Development of extramedullary disease in the pleura of patients with CML is frequently accompanied by increased blasts in the pleural fluid. Analysis of pleural fluid, however, does not always show excess blasts, and in some cases, all stages of granulocytes and a few blasts are found in the pleural fluid or ascites (9
). Categorization of the cytomorphologic features of extramedullary diseases in 18 patients with CML showed that extramedullary disease could be sorted into 3 types, depending on the proportion of blasts to more mature differentiated granulocytic cells (6
). These 3 categories were blastic, showing a predominance of blasts (5 patients, 28%); immature, showing a predominance of blasts and other nonblastic myeloid precursors (8 patients, 54%); and mature, with a full spectrum of granulocytic maturation from blasts to granulocytes (5 patients, 28%).
The patient described here had serous pleural effusion after 3 months of treatment with hydroxyurea and gemcitabine. Because he had multiple malignancies and the pleural fluid was an exudate, we hypothesized that the pleural effusion of the patient was caused by his malignancies. Pleural fluid cytology, however, showed no evidence of gastric, lung or pancreatic cancer cells but revealed premature and mature leukocytes, and variable numbers of blasts. We therefore regarded the pleural effusion of the patient as related to CML.
There are several possible mechanisms of exudative pleural effusion in CML patients. The first mechanism is leukemic infiltration into the pleura, which usually occurs at the time of or just prior to bone marrow evolution to blast crisis phase (2
). The most common sites are the lymph nodes, bone and nervous system, while infiltration of the brain, testis, skin, breast, soft tissues, synovia, gastrointestinal tract, ovaries, kidneys and pleura occur less frequently (4
). Involvement of the pleura has been rarely documented, and isolated pleural blast crisis in the absence of medullary transformation is extremely rare (2
). In these cases, pleural fluid analysis revealed variable stages of granulocytes and leukemic blasts.
The second mechanism is pleural reaction secondary to bleeding into the pleural cavities that may cause pleural effusion in the patient with CML (5
). Predisposing factor such as leukostasis and platelet dysfunction may have a role in hemorrhagic effusion. Thus, the cytologic findings in the effusion are due to leukemic cell contamination and pleural reaction as a result of bleeding into the pleural cavity. If this is true, the ratio of red blood cells to nucleated cells in the blood and effusion should be similar. In our patient, however, the ratio of red blood cells to nucleated cells was higher in the blood than in the pleural effusion, and thus it is more likely that the large numbers of nucleated cells in the pleural fluid originated from the pleural cavities.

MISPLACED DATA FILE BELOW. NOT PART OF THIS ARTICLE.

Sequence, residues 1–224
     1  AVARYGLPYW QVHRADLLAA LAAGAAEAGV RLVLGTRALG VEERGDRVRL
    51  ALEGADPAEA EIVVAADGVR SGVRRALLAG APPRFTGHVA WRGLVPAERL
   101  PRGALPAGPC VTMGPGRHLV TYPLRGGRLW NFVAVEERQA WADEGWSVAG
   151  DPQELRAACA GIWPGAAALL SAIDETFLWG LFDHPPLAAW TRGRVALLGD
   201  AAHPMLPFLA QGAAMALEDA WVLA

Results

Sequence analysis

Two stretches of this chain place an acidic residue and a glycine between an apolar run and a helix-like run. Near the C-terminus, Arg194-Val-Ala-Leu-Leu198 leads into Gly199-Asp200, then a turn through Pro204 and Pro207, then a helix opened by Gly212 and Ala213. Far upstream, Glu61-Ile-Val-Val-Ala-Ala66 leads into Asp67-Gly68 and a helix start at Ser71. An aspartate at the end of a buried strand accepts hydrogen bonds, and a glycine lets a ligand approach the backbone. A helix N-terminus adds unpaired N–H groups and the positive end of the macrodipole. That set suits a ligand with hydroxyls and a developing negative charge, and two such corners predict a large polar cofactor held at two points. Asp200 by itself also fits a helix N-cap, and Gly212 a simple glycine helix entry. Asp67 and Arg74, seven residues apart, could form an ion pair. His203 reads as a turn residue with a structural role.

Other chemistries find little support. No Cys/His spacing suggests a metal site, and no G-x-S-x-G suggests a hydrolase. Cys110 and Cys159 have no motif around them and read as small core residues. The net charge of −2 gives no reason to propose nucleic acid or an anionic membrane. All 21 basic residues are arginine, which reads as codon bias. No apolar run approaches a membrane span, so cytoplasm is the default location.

A third possible mechanism underlying effusion is pleural extramedullary hematopoiesis. It can present as a discrete mass in almost any organ, including the liver, spleen, breasts, lymph nodes, kidneys, thyroid, pancreas, endometrium, and mediastinum, or in the serous effusion. But, unlike pleural leukemic infiltration, extramedullary hematopoiesis includes hematopoietic cells of the erythroid, myeloid, and megakaryocytic cells, although one lineage can predominate (6
). A fourth mechanism causing effusion is nonmalignant causes, such as infection. Therefore, the possibility of infectious process must be excluded and the presence of necrotic debris and/or the positive identification of microorganisms by special stains may suggest an infectious process.
Based on a review of the literature and clinical findings, leukemic infiltration into pleura was suggested as the cause of pleural effusion in our patient.
Generally the median time from diagnosis of extramedullary blast crisis to marrow blast crisis is 4 months, and the median survival after development of extramedullary transformation is 5 months (4
). Extramedullary disease in CML is considered an indicator of poor prognosis, which should lead to a change in therapy and to the institution of treatments usually reserved for blast crisis (4
). Unfortunately, however, there is no effective standard therapy for pleural effusion in CML. To the best of our knowledge, there have been only 8 case reports of isolated pleural infiltration of CML (2
). One patient responded to thoracentesis and treatment with hydroxyurea without recurrence (9
), and another patient responded to systemic chemotherapy with idarubicin and Ara-C (10
). In 5 patients, in which pleural blast antedated hematological transformation, intrapleural infusion of chemotherapeutic agents (methotrexate, cytosine arabionside, prednisone) and systemic chemotherapy were ineffective, and all 5 patients died within 2 months (3
). In the remaining patient, the type of treatment was not reported (2
In conclusion, patients with CML should be considered at risk for development of extramedullary manifestations of blast crisis while the bone marrow remains in the chronic phase. Extramedullary blast crisis of CML can occur at any time and anywhere circulating stem cells are found. In CML patient with pleural effusions, bleeding into pleural cavity and extramedullary hematopoiesis should first be considered. If these causes are ruled out, the presence of leukemic cells in the effusion may denote leukemic involvement of pleura. Pleural infiltration of CML adversely affects prognosis.